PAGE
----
Ethanol Drops Most in Three Weeks Versus Gasoline on Output Gain

Source: By Mario Parker, Bloomberg • Posted: Thursday, April 25, 2013

Ethanol tumbled the most in three weeks versus gasoline as lower corn costs and improving returns to make the fuel entice companies to resume output.

The spread, or price difference, expanded 3.82 cents to 32.72 cents a gallon at 11:40 a.m. New York time, the biggest one-day widening since April 1. Poet LLC and Abengoa SA (ABG) said yesterday they resumed output at distilleries that were closed after drought in the Midwest boosted corn prices to a record and increased manufacturing costs.

“This makes sense,” said Jim Damask, a manager at Starfuels Inc. in Jupiter, Florida. “When prices got a little high, a lot more product became available. There was some margin that they saw and they turned the plants back on.”

Denatured ethanol for May delivery fell 1.5 cents, or 0.6 percent, to $2.415 a gallon on the Chicago Board of Trade. Prices have gained 10 percent this year.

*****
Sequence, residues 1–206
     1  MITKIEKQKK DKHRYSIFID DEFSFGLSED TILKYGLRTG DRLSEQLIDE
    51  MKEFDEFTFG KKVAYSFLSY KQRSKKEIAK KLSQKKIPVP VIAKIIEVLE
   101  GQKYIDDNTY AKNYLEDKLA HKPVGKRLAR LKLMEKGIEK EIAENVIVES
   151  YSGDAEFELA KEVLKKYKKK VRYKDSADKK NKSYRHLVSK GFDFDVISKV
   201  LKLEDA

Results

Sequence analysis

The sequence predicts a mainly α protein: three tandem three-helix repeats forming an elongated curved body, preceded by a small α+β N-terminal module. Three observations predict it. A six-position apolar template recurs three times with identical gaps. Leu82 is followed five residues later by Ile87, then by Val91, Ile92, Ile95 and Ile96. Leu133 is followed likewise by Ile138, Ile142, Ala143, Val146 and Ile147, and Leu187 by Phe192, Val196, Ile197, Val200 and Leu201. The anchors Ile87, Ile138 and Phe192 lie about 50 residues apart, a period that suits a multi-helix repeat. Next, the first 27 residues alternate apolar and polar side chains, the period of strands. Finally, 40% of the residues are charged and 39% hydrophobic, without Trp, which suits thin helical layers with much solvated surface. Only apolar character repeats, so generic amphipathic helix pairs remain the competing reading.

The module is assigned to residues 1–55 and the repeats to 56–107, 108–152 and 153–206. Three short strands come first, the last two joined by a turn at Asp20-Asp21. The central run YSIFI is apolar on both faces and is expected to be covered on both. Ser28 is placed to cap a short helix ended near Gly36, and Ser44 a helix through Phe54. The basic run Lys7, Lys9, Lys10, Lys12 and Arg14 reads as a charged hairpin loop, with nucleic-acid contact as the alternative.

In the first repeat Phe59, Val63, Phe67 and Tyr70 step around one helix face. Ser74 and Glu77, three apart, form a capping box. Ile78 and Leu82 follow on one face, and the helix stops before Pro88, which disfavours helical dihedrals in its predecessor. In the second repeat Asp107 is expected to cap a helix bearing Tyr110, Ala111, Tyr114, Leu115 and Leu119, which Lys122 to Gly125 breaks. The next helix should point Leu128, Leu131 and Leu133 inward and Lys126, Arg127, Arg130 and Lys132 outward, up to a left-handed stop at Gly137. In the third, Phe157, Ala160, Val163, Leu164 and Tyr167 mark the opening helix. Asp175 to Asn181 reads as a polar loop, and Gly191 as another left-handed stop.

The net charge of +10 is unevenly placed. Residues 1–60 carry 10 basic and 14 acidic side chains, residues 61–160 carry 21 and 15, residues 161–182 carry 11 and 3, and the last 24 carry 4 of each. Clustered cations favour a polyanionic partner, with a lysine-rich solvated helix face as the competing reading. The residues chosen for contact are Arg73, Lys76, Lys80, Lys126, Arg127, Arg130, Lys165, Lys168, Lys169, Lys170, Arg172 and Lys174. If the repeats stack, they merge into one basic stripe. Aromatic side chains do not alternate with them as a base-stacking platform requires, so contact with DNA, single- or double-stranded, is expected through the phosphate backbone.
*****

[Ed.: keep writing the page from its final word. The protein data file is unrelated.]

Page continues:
Gasoline for May delivery advanced 2.32 cents, or 0.9 percent, to $2.7422 a gallon on the New York Mercantile Exchange. The contract covers reformulated gasoline, made to be blended with ethanol before delivery to filling stations.

Ethanol production rose 2.5 percent to 853,000 barrels a day in the week ended April 19, the highest since April 5, a report from the Energy Information Administration showed today.

Stockpiles increased 0.5 percent to 17.6 million barrels, the Energy Department’s analytical arm said. That’s down 19 percent from a year earlier.

Corn Declining

Corn has dropped 14 percent from the 2013 high of $7.4125 a bushel on rising inventory estimates and projections that farmers would boost planting to the most since 1936. Futures for May delivery rose 2 cents, or 0.3 percent, to $6.405 a bushel today in Chicago. One bushel makes at least 2.75 gallons of ethanol.

The corn crush spread was 9 cents a gallon, down from 11 cents yesterday. That compares to minus 35 cents on Dec. 31. The amount doesn’t include revenue from the sale of dried distillers’ grains, a byproduct of ethanol production, which can be fed to livestock.

Ethanol-blended gasoline made up about 93 percent of the total U.S. gasoline pool, the lowest level since March 29 and down from 94 percent the previous week, the EIA report showed today.

The U.S. made foreign purchases of the fuel for the first time in three weeks. Imports were 39,000 barrels a day in the week ended April 19, up from 11,000 a year earlier.